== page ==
7477_1506724717947The Cuban sandwich is a testament to culinary integration, patience and abiding love. It’s quintessential element is the coalescing of big personality ingredients into one delicious mambo in your mouth.

The exact birth date of the Cuban sandwich is impossible to pin down. Stories date as far back as the mid to late 1800’s, in the cigar factories and sugar mills of Cuba where workers would partake during their breaks. It arrived on our shores during the Cuban revolution. A Cuban population that was able to get out from under Fidel’s ruthless thumb found work in the fields of the Sunshine State and a lunchtime favorite was born.

The original Cuban sammy was made with roasted pork, ham, salami, swiss cheese and pickles on Cuban bread. Upon its arrival in Miami, the salami was removed but the history was just beginning. The present day blueprint calls for pork, ham, swiss and pickles on Cuban bread (think Italian or French bread . . with a Spanish accent).

From there to here, this simple sandwich has undergone more reconstructions than Uma Thurman’s beautiful face. The marielitos who fled Havana in 1980 brought fusion, while America’s sandwich scientists brought sacrilege. The myriad takes on the original have ranged from the ridiculous to the sublime.

A couple months back, me and Linds decided to put together an Adventure Playlist: Pick a food and then search for its best example. We decided to start things off with the Cuban sandwich.

Our search for the “perfect Cuban sandwich” comes with myriad considerations and assorted complications. Namely, we live in fucking Lancaster County, Pennsylvania! That aside, we have been quite successful in our scavenger hunt thus far, uncovering hidden gems with ups, hipster cafes with crazy combinations  and corner bars whose soulful renditions brought us to tears (okay, maybe it was the drinks that did that). They’ve all had one thing in common. They were goooood.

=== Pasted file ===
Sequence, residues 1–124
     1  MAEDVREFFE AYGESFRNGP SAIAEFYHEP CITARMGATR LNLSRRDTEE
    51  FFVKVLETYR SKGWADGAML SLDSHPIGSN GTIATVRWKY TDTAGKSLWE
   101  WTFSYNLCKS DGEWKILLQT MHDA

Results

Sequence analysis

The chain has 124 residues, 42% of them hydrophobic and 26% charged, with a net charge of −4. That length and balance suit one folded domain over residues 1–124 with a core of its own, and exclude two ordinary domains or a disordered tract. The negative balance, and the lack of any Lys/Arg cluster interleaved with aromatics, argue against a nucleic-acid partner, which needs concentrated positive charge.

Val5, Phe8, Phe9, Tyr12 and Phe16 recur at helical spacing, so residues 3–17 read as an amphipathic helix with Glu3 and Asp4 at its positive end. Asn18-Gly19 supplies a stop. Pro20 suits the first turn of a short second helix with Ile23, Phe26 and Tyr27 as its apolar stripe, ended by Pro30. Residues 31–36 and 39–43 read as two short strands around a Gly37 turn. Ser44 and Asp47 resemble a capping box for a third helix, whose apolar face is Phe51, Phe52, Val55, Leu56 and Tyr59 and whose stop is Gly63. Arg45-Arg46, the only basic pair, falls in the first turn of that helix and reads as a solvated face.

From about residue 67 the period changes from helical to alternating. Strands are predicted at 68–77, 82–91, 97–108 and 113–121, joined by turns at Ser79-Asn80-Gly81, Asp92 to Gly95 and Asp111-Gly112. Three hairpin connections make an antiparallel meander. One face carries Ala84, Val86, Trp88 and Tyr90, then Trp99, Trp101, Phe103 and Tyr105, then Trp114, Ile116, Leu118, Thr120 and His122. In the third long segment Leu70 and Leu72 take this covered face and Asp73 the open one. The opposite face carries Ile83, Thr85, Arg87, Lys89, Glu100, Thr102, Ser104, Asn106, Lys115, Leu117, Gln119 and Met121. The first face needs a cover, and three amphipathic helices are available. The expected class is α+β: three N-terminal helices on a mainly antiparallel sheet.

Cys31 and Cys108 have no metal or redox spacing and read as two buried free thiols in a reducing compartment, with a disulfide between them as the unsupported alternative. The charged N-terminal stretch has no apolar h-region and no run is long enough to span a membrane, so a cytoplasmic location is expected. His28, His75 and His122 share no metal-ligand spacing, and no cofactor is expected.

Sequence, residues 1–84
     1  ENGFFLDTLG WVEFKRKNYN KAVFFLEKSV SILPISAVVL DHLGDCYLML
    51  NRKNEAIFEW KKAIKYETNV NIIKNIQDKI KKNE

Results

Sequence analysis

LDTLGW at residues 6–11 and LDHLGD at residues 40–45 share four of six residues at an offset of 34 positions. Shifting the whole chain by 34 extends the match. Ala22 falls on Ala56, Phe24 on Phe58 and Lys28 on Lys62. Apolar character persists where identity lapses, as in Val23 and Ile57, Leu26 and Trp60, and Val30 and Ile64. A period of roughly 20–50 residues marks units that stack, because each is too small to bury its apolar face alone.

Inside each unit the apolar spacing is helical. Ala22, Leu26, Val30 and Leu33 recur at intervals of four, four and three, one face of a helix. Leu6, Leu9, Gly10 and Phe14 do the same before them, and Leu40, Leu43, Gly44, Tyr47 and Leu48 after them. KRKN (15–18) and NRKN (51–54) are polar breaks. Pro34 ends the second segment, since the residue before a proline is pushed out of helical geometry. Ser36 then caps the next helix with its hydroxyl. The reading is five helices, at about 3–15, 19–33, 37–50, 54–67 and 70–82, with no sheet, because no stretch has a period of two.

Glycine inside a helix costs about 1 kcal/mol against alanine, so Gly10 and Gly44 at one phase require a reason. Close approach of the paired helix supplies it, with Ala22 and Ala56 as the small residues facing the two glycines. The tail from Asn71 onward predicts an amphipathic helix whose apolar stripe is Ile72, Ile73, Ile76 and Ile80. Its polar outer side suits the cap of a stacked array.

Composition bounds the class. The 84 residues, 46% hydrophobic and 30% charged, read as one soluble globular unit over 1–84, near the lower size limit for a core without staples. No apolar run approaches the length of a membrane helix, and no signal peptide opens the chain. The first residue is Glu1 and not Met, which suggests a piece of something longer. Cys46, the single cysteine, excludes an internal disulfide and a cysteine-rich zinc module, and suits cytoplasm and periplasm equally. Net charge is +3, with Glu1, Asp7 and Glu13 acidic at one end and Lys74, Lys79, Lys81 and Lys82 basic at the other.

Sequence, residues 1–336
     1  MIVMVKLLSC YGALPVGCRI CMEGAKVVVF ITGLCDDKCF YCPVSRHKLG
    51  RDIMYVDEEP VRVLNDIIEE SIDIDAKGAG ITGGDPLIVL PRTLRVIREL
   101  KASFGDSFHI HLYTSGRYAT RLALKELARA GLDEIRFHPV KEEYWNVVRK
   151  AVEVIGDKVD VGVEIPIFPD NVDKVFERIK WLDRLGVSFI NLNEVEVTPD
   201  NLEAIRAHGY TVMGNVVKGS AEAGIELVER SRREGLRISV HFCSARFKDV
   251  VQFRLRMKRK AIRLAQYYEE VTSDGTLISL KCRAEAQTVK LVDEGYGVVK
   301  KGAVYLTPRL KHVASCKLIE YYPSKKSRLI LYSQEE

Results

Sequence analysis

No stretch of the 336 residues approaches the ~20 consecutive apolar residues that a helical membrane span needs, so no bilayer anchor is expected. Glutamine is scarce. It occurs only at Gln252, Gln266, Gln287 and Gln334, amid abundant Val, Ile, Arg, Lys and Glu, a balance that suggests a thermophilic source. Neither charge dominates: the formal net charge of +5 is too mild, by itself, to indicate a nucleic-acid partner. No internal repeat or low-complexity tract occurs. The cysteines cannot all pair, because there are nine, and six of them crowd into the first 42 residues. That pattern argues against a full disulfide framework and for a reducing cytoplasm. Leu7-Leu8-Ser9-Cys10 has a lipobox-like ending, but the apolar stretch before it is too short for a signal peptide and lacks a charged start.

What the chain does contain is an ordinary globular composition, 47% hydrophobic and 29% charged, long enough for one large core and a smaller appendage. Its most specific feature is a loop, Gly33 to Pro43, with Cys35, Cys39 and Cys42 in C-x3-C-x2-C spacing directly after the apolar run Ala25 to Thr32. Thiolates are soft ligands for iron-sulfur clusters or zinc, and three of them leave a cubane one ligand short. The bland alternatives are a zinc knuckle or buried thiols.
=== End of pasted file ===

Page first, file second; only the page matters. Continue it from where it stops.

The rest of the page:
Mi Caldero Restaurante in York, Pennsylvania became our first stop. We came up with this location by conducting a google search as follows . . Places in York, Pa where you’re unlikely to be mugged . . . Thank God for technology, yanno?

One bite told the tale. The pork was succulent . . (that’s a big deal). Unfortunately for this particular sandwich, the pork was too good. It actually stole the show. It was the culinary equivalent of Anne Hathaway in The Dark Knight Rises. Delicious and sexy and infinitely better than the rest of an otherwise solid cast. The sandwich paid close attention to detail: Its mustard/mayo’ish creaminess was a yummy salve, the pickles provided punch with every crunch and the ham was buttery and sweet. AND . . it was pressed with the abiding love of a chef who totally gets that the press is the thing. 

On a scale of 1-10, we graded Mi Caldero’s Cuban sandwich a 6. Perhaps we were a bit harsh, but hey, this is important work!

This is the first of a series of posts on the Cuban sandwich. We’ll report from the front lines about once a week until we find our winner. In the interim, if you have a take on the Cuban sandwich that you would like to share with us, please do! You can contact us at or you can just leave your recipe in the comment tab. Who knows? We might even try yours out.

Viva the flavah . . .